Clearly, the laws needed to be clarified. Giving our kids an old-fashioned childhood is not negligence. It should never be considered that. I asked Adrian Moore, a policy expert at the Reason Foundation, to help me draft a law that stated — in a lot more words — “Our kids have the right to some unsupervised time, and parents have the right to give it to them without getting arrested.” As Moore put it, “There are some bureaucrats who think that it’s not safe for kids to do anything other than play in their rooms. That’s crazy. But without a law sometimes the crazies get to decide.”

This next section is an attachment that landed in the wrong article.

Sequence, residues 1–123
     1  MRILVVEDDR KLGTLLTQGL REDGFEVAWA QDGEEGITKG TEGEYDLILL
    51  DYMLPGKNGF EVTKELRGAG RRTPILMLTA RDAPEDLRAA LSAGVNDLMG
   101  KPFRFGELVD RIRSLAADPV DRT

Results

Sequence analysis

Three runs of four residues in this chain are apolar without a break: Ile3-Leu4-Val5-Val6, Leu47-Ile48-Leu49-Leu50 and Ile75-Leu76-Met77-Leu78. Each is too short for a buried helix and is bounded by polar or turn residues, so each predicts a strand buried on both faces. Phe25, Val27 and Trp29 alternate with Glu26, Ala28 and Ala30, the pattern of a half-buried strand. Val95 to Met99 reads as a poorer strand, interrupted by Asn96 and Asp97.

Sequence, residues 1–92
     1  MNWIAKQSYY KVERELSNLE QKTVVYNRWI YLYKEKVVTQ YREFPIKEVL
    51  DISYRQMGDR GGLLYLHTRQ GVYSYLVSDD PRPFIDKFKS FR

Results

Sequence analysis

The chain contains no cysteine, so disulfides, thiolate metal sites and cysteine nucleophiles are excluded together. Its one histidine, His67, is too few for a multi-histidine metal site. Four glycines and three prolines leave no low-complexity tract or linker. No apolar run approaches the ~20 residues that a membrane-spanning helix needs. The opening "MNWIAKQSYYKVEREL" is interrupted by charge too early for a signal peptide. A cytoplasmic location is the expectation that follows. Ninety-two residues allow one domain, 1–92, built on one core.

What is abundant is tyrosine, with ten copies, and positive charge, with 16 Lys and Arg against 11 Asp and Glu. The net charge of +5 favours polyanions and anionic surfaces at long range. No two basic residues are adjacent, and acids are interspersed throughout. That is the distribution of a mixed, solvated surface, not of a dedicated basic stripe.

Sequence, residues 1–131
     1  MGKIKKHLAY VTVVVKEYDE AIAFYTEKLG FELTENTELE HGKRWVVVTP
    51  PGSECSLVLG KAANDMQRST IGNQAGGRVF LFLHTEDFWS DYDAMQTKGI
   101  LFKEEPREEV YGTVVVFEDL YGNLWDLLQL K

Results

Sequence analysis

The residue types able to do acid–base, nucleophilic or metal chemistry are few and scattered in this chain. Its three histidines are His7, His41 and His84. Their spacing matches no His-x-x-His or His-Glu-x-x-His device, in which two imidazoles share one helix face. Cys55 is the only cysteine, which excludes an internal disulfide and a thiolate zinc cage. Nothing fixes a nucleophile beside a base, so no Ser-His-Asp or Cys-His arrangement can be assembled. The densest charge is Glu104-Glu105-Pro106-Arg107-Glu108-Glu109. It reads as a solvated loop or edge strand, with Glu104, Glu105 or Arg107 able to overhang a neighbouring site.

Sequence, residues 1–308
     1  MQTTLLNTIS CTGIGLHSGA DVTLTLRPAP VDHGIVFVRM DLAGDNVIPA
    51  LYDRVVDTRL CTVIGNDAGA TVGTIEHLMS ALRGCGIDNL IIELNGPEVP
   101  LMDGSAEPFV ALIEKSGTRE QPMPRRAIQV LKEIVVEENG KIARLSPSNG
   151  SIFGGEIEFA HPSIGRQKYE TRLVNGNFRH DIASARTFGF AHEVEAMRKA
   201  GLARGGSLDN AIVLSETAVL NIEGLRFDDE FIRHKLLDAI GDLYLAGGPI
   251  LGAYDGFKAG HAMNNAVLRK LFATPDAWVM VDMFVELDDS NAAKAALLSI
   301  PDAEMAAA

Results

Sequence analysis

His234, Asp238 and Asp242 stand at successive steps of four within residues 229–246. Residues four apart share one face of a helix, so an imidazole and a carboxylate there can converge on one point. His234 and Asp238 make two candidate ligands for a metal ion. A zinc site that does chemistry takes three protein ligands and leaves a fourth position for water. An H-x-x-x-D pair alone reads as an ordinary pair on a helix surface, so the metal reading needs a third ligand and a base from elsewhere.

The Arkansas legislature was the first state to vote on this bill a year ago. It sailed through the Senate but hit a wall in the House, stymied by the all-too-familiar fear: What if a child gets kidnapped? The specter of this rarest of crimes (people are more likely to be hit by lightning than be kidnapped) was enough to trigger the backlash.

Ironically, crime-wise, kids today are safer than when their parents were growing up and zooming around (helmet-free) on bikes.